Lawsuit filed over texts offering marijuana for sale

Posted at 2:08 PM, Apr 17, 2019

GRAND RAPIDS, Mich. — A lawsuit filed this week by a man in West Michigan accuses a Colorado-based marketing company of violating the Telephone Consumer Protection Act by repeatedly texting him about marijuana for sale.

The plaintiff in the case, Mr Phillip Rogers, alleges that Rushmore Marketing Group violated the TCPA (Telephone Consumer Protection Act) by sending him 37 unsolicited text messages. He claims the text messages were all in regards to purchasing marijuana. Rushmore says on their website that they are a “text messaging platform for businesses.”

The lawsuit, filed this week in the United State District Court for the Western District of Michigan, names two individuals working at Rushmore. It is claimed that they are responsible for texts sent to his phone, saying, “the Marketing Defendants operated together as a common enterprise to run one or more advertising campaigns to market the sale of marijuana to people across the country by sending text messages to cellular telephones, including the sending of multiple unsolicited text messages to Plaintiff’s cellular telephone.”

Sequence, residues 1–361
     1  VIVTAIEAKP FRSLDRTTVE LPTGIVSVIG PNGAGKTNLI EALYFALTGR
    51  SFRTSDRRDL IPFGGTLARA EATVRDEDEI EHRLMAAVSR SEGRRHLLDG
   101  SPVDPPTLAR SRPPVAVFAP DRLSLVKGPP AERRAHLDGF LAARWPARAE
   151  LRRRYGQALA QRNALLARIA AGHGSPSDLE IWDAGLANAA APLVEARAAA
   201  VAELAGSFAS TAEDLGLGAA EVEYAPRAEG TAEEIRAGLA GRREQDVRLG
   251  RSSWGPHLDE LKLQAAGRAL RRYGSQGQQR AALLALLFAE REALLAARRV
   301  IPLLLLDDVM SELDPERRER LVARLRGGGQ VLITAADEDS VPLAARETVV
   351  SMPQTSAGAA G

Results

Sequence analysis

According to the filing, the situation arose when Rogers bought a new cell phone in August of 2018.  He says that he began receiving text message offers to purchase marijuana within the first month of having the new device. Allegedly, Rogers had to open each message to see the full text received, using prepaid minutes to do so each time.

Examples included in the lawsuit of the messages received

Details of the text messages are laid out in the lawsuit. Many of the messages are purported to be somewhat cryptic in nature, only partially identifying marijuana vendors and the products they were apparently offering for sale.

All of the vendors included in the messages, according to the lawsuit, are based in California.

Damages suffered by Rogers listed in the suit include monetary loss, periodic loss of the use of his phone, annoyance, aggravation and invasion of his privacy.

The lawsuit is asking for between $500 and $1,500 in damages for each text message received.  They are also asking the defendants to stop contacting Mr Rogers.